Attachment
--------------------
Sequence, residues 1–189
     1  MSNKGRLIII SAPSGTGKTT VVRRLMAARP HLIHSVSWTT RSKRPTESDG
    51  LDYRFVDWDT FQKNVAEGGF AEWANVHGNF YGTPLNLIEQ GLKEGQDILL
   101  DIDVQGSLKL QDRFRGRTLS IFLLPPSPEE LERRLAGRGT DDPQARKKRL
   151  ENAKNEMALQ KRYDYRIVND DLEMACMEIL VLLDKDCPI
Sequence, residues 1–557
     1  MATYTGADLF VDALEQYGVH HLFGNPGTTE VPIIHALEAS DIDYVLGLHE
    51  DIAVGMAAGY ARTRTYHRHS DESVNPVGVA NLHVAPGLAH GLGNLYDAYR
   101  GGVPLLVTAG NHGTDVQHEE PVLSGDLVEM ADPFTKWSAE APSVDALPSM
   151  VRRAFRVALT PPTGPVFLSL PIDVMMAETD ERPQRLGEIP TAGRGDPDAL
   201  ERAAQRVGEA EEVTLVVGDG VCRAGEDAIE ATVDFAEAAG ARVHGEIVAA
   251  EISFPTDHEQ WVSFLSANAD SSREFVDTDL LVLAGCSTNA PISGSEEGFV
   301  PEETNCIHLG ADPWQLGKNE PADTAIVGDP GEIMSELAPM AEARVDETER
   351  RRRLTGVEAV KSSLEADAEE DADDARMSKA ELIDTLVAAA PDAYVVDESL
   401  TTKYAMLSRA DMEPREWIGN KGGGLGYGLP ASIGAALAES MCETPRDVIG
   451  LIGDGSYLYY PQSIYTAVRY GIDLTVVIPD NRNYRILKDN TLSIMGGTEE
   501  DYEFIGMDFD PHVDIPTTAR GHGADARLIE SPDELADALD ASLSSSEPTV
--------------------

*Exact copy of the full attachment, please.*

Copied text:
Sequence, residues 1–189
     1  MSNKGRLIII SAPSGTGKTT VVRRLMAARP HLIHSVSWTT RSKRPTESDG
    51  LDYRFVDWDT FQKNVAEGGF AEWANVHGNF YGTPLNLIEQ GLKEGQDILL
   101  DIDVQGSLKL QDRFRGRTLS IFLLPPSPEE LERRLAGRGT DDPQARKKRL
   151  ENAKNEMALQ KRYDYRIVND DLEMACMEIL VLLDKDCPI
Sequence, residues 1–557
     1  MATYTGADLF VDALEQYGVH HLFGNPGTTE VPIIHALEAS DIDYVLGLHE
    51  DIAVGMAAGY ARTRTYHRHS DESVNPVGVA NLHVAPGLAH GLGNLYDAYR
   101  GGVPLLVTAG NHGTDVQHEE PVLSGDLVEM ADPFTKWSAE APSVDALPSM
   151  VRRAFRVALT PPTGPVFLSL PIDVMMAETD ERPQRLGEIP TAGRGDPDAL
   201  ERAAQRVGEA EEVTLVVGDG VCRAGEDAIE ATVDFAEAAG ARVHGEIVAA
   251  EISFPTDHEQ WVSFLSANAD SSREFVDTDL LVLAGCSTNA PISGSEEGFV
   301  PEETNCIHLG ADPWQLGKNE PADTAIVGDP GEIMSELAPM AEARVDETER
   351  RRRLTGVEAV KSSLEADAEE DADDARMSKA ELIDTLVAAA PDAYVVDESL
   401  TTKYAMLSRA DMEPREWIGN KGGGLGYGLP ASIGAALAES MCETPRDVIG
   451  LIGDGSYLYY PQSIYTAVRY GIDLTVVIPD NRNYRILKDN TLSIMGGTEE
   501  DYEFIGMDFD PHVDIPTTAR GHGADARLIE SPDELADALD ASLSSSEPTV